If you are still in doubt if seeking redress on tax issues in a court of legal jurisdiction is viable in Nigeria, perhaps this development from last year’s highlight will intrigue you as a  Federal High Court in Asaba on Wednesday 9th December 2020, declared unlawful, illegal, null, and void the deduction of the sum of ₦50 as Stamp Duty charges from the accounts of commercial bank customers in the country.

The court also made an order restraining the Central Bank of Nigeria (CBN) and banks from making further deductions unless authorised by law.

The judgement from Justice Nnamdi Dimgba came as a result of a suit filed by a bank customer, Mr. Rupert Irikefe, challenging the continued deduction of Stamp Duty charges from his current bank account domiciled with Zenith Bank in Asaba, Delta State.

Irikefe had in 2019 instituted a legal action against the CBN, Zenith Bank PLC, and the Attorney General of the Federation as 1st, 2nd, and 3rd defendants respectively over the continued deduction of Stamp Duty charges from his current account in Zenith, despite a subsisting court order preventing banks in the country from making such charges.

Yes, citizens can seek tax redress in court, you can get more detail of this story in analysis and implication from The Nigerian Tax Review, Fourth Quarter, 2020.

The road to victory

In the suit he filed and argued by himself, Irikefe prayed the court to hold the CBN and Zenith Bank liable for acting in flagrant disobedience of a valid could order.

According to the plaintiff upon noticing several deductions of ₦50 and ₦100 from his bank account with the 2nd defendant being Stamp Duty charges, he had paid two visits to the bank branch in Asaba on September 14, 2018, and October 11, 2018, and told them their action contravened the judgment of the competent courts in the country including the Court of Appeal.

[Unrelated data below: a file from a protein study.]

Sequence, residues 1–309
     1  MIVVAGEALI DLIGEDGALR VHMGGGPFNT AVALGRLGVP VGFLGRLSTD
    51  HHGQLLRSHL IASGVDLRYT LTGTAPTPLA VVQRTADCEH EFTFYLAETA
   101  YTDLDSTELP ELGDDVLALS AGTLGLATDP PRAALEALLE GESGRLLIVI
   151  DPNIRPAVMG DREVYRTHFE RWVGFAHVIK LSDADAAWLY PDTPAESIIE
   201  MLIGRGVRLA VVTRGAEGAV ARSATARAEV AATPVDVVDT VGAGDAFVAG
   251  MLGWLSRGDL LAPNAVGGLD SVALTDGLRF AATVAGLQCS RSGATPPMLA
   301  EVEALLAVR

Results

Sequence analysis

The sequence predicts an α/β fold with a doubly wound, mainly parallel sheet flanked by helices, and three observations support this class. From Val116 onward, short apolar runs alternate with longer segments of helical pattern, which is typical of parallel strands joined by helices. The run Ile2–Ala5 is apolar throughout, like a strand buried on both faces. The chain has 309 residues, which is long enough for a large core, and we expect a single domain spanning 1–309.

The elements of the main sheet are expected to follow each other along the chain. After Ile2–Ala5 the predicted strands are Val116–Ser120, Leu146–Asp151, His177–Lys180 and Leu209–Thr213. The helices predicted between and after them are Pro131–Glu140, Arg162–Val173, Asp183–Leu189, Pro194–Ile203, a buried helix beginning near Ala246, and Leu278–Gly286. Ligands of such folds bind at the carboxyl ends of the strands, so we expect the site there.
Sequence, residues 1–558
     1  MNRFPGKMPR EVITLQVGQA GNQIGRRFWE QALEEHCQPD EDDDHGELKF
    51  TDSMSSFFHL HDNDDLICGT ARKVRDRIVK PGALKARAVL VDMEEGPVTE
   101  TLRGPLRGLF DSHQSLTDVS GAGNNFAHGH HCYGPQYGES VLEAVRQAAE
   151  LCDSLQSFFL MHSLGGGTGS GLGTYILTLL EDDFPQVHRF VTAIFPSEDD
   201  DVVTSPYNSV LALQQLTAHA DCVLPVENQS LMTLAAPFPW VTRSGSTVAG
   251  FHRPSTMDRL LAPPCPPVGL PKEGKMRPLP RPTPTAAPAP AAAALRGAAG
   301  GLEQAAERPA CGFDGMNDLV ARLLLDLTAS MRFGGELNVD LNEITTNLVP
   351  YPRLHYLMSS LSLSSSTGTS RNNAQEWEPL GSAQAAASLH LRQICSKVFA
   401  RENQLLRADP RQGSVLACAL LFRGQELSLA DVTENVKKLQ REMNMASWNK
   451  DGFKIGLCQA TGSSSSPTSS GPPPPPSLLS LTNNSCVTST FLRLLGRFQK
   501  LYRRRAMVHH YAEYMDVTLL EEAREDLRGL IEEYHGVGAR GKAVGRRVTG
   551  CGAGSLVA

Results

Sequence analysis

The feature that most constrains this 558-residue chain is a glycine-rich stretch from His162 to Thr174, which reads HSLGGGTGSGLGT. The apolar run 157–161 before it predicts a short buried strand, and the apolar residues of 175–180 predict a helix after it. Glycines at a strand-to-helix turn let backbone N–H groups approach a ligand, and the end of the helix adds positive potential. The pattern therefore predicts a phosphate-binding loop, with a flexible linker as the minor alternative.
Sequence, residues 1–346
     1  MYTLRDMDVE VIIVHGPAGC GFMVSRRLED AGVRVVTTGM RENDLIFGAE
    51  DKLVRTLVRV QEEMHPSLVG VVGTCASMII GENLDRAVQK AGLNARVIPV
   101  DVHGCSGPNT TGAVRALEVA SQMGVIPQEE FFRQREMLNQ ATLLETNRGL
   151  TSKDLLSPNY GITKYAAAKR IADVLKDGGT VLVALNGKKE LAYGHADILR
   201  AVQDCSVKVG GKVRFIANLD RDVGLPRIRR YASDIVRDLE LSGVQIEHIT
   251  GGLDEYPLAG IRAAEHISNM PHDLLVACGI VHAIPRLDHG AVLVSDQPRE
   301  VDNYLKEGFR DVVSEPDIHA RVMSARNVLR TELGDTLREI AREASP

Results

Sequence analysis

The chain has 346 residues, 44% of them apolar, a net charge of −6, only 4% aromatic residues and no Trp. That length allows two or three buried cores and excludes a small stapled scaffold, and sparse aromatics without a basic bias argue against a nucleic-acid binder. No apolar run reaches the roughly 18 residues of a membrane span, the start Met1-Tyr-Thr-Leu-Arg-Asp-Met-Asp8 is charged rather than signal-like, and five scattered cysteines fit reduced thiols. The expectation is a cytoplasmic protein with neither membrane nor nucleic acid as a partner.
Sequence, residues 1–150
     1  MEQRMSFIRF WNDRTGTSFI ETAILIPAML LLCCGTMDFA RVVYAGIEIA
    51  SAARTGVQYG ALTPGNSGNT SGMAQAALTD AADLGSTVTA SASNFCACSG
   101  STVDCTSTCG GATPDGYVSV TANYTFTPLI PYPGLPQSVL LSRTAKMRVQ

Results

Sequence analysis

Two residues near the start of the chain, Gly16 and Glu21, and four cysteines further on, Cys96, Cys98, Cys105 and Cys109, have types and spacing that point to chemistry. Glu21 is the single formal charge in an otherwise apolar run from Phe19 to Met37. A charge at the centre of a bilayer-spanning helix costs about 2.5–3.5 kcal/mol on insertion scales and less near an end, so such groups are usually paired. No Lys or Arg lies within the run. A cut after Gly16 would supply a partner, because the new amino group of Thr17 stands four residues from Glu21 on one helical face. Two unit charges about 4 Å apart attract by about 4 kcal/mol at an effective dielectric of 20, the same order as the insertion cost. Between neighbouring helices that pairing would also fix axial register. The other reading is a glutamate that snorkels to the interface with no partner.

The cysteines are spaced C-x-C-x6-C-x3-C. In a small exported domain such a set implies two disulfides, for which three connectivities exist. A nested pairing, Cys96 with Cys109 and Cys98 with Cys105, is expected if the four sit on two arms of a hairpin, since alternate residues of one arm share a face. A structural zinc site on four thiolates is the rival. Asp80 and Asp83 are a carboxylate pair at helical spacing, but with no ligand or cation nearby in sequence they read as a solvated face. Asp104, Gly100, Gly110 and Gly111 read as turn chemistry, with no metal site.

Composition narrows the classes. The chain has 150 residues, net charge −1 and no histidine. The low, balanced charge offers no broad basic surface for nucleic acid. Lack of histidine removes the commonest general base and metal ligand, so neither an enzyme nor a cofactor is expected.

He lamented that rather than refund the monies so far collected, the 2nd defendant continued to make further deductions on claims that they were following the lawful directives of the first defendant.

He further asked the court to hold that the conduct of the first and second defendants to continue to make a deduction in the name of Stamp Duty despite the subsistence and or awareness or the court of Appeal judgment is arbitrary, unlawful, illegal, etc.

He accordingly prayed the court to make “ an order setting aside the imposition, deduction and or remittance of Stamp Duty charges.

Plaintiff also prayed for the sum of ₦50 million as general damages and another ₦50 million as exemplary damages.

The Judgement

Delivering judgment, Justice Dimgba who noted that the first defendant “acted in bad faith”, said, “I have never ceased to wonder, the practice that is very much exacerbated in current climes, where agencies of the government treat decisions of Court of law with disdain and to carry on as if those decisions were not in existence”.

The judge also noted that the second defendant willingly disobeys the judgment of court when it acted recklessly and at its peril to continue to deduct Stamp Duty charges from the plaintiff’s account in the face of clear and binding judicial decisions arising from judicial proceedings which the second defendant itself participated.

“All things considered, it is trite that a judgment not appealed against or set aside by a higher court is valid, subsisting and binding on all parties”.

While upholding the argument of the plaintiff, Justice Dimgba further held that the defendants did not place before the court any judgment or order of superior courts overriding the one’s plaintiff anchored his case on.

He further held that the defendants failed to present to the court any amendment to the Stamp Duty Act empowering them to continue to make the deductions.

“In the absence of the above, it is irresistible to say that the suit has merit and should succeed.

“I hereby resolve the questions posed in the Originating Summons in favour of the plaintiff.

“I enter judgment in favour of the plaintiff on the following terms. Reliefs 1,2,3,4,5 and 8 are hereby granted.

“Relief 6 is refused. 7 is granted but limited to the sum of ₦2 million.

“Cost of ₦500,000 in favour of plaintiff jointly and severally”.